You’re not prepared for emotional gut punches that are to come in Castlevania Season 4. The trio relies on each other, fights with each other, and stands as a testament that no one can make it alone. They have grown to rely on each other and once reunited, they fall into place as if they had never been separated in the first place.
But perhaps the most emotional elements that come from the trio aren’t in their words, but in how they move together and how they read each other’s movements and needs outside of words. And for Trevor, it’s how he continually pushes his body to its limit. He isn’t the strongest, he’s the most human, and yet, he keeps standing as his body breaks and he keeps pushing past every conceivable limit. His growth is in his actions and he chooses to stand up against every evil regardless of the danger it poses to him. And he does it not just for the world, but for the people he’s grown to love.
Now, I know I’ve talked at length about the way the series beautifully handles its characters in its finale, but there is one more element this series exceeds nearly every bar previously set by Netflix Oritingals: animation. Not only has every character received slightly new looks to accommodate where they are in the story, but we also get the chance to see them completely cut loose. Much like the sex scenes in Season 3, which are more than just showcasing sexiness for the sake of horniness, the action sequences in Castlevania Season 4 are stunningly graphic in nature, as is true to form the series. But, the violence and the blood are more than just for appearances, they exist to deliver on powerful plot points and to show character changing, ending, and motivations.
That said, Castlevania features a stunning amount of varied animation styles, all of which bring out the most in each battle sequence. For example, Alucard fighting on his own with his fast movement and the signature glow around his body look vastly different than Trevor and his Morning Star. It’s even different still from other vampires like Carmilla and the sword that brings elegance to rage, or Striga in her armor that brings grace to brute strength. Each and every character is animated to make their style pop, but beyond that, the stunning change in style from scene to scene works to draw the viewer in. In one moment you’re watching a heavily detailed Alucard talk, and the next you see a simplified version of his body moving through space and fighting at a pace we know is far too fast for humans to recognize.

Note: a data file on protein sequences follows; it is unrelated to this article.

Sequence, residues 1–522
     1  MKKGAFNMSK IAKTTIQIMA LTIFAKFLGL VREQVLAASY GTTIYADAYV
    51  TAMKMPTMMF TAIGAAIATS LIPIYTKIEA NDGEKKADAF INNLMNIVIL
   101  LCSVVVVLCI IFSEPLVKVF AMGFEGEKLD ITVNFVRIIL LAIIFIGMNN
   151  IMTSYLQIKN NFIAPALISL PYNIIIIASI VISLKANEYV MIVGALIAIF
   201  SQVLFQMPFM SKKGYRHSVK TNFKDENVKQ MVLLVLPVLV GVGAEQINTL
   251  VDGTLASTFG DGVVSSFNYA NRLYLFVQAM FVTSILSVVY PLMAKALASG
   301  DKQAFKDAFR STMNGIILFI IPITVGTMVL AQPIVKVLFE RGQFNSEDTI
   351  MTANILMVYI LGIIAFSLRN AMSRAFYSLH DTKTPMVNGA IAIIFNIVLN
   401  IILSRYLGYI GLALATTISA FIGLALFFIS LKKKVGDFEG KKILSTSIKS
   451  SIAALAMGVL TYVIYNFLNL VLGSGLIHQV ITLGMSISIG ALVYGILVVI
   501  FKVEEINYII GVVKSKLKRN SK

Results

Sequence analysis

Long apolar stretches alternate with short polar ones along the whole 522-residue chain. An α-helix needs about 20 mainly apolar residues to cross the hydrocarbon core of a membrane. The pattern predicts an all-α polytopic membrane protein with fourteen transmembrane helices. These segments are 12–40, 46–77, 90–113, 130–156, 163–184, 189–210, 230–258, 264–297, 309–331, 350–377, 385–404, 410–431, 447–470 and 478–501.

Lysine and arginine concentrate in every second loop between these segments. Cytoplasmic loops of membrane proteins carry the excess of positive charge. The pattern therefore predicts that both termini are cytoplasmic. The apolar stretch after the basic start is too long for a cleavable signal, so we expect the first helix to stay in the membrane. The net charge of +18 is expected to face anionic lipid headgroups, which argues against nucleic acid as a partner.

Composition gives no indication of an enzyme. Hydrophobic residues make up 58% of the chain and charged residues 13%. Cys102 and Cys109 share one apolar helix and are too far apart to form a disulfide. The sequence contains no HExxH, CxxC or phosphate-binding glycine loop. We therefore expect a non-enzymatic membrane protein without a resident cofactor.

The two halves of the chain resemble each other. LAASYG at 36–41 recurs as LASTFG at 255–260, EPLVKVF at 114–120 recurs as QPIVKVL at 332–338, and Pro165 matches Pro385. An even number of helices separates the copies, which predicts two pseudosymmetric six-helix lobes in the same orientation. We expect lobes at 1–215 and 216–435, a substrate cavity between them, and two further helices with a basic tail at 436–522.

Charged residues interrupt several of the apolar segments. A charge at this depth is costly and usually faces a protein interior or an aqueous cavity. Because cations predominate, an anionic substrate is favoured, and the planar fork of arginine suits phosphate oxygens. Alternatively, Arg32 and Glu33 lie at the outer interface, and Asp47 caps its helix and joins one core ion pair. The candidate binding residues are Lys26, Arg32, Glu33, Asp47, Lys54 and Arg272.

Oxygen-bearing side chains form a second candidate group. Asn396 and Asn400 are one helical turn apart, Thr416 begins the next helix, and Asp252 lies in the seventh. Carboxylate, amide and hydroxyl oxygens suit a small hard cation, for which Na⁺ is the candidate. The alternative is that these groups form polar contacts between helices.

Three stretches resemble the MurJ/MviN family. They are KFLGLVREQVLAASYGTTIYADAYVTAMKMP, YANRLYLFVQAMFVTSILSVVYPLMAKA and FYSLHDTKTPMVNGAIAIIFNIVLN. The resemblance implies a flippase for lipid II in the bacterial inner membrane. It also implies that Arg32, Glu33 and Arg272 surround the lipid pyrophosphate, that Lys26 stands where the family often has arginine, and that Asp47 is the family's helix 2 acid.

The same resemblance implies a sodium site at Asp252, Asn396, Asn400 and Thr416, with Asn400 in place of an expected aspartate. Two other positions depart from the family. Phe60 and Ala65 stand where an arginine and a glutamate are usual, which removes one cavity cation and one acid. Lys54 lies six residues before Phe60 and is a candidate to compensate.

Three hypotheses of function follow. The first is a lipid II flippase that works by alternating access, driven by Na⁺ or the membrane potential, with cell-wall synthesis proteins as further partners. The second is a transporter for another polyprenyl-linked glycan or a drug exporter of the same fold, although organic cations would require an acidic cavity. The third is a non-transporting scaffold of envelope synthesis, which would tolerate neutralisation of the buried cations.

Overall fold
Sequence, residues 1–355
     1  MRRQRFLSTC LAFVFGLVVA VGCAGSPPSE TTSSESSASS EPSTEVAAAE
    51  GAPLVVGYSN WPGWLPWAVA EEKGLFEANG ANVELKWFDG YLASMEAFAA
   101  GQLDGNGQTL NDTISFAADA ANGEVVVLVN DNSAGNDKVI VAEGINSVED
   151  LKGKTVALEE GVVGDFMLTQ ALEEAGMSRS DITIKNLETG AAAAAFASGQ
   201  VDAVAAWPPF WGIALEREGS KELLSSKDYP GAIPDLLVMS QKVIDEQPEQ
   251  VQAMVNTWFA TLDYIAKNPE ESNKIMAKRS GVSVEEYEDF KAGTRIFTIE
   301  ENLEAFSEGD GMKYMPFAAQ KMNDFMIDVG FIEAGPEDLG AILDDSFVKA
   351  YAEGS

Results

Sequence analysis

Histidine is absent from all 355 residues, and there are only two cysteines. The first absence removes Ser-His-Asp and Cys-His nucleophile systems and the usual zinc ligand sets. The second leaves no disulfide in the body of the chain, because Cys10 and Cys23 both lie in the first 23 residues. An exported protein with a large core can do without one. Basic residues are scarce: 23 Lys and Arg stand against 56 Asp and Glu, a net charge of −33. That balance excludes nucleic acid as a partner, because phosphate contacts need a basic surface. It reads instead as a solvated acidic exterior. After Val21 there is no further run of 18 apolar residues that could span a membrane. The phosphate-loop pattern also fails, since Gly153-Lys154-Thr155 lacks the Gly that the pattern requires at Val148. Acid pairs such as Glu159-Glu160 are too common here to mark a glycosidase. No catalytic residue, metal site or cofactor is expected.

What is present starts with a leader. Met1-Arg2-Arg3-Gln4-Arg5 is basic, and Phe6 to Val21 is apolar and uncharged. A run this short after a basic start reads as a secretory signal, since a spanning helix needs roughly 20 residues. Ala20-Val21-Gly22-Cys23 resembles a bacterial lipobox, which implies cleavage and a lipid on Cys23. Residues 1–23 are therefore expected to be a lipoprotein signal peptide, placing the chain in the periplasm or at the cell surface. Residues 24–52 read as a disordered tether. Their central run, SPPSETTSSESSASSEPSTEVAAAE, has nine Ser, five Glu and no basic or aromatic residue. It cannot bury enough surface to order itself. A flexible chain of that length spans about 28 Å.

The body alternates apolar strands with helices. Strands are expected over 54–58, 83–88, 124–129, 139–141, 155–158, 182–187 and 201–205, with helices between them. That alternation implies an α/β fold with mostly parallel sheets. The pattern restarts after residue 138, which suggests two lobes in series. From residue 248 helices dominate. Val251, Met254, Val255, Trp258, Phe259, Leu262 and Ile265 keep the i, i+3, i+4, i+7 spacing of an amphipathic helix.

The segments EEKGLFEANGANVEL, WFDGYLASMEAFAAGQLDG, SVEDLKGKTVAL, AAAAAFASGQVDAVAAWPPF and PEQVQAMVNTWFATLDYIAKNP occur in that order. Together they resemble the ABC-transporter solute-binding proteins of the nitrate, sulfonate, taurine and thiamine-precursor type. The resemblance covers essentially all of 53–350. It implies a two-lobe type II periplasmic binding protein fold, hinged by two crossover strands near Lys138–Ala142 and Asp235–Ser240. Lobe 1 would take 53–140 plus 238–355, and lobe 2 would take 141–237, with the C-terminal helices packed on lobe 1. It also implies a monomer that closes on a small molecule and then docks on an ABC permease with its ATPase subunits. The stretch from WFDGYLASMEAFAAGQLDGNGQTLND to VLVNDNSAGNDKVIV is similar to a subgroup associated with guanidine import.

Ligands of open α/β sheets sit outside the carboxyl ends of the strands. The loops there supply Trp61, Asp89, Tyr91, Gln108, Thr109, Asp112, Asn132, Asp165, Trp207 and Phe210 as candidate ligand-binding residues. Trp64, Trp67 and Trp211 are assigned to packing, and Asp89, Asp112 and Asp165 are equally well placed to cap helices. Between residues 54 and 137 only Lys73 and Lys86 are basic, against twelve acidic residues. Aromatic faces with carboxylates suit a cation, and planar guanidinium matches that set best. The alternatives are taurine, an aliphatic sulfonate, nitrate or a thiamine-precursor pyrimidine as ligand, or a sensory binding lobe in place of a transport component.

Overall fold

It is incredibly hard to detail my favorite fights in the season. Each and every battle has weight to it, whether emotional for a single character or carrying gravitas that impacts the entire narrative. While every season has had standouts, every single moment of violence in Castlevania Season 4 hits hard, hits fast, and tops the last. Like last season, the penultimate episode of the series holds a strength and a scope that will shake the audience to their core. Fading into silence, and letting you sit in the weight of what we just saw.
In its ending, Castlevania isn’t just a collection of good seasons, it’s a cohesive story of pain, triumph, and growth that has never lost its way. In this one series about vampires, demons, monster hunters, and magic, we’ve gotten to see how people wade through grief. We’ve watched characters as they’ve let their trauma push towards revenge and experience when both when that revenge is left behind and when heels are dug into the ground and made unyielding. We’ve seen characters embrace their paths and rewrite them. But most importantly, and perhaps most shockingly, we’ve seen love.
Finally, Castlevania Season 4 also manages to introduce a bevy of new characters and add substance to existing secondary ones. Why is this a feat you may ask? Well, because it’s done in the final season and manages to expertly make new potential fan favorites without making it seem as if their storylines are dangling without closure. In fact, there are ways to continue these characters’ story but they’re really few and far between. And while it would be nice for more to come into the world of Castlevania, this series, the characters in it, and the world it exists in feels complete. We can come back to it, but we also miss nothing by ending it all here. That is a perfect balance to strike.
To put in the simplest of terms: Castlevania Season 4 is animation at its best. It’s storytelling at its best. And this is how you end a series.
Castlevania Season 4 is streaming exclusively on Netflix May 13, 2021.
Castlevania Season 4
- Rating - 10/1010/10
To put in the simplest of words: Castlevania Season 4 is animation at its best. It’s storytelling at its best. And this is how you end a series.
Kate is co-founder, EIC, and CCO of BWT. She’s also a Certified Rotten Tomatoes Critic, host, and creator of our flagship podcast, But Why Tho? and Did You Have To?. She also manages all PR relationships for comics, manga, film, TV, and anime. She has an MA in Cultural Anthropology and Religious Studies focusing on how pop culture impacts society.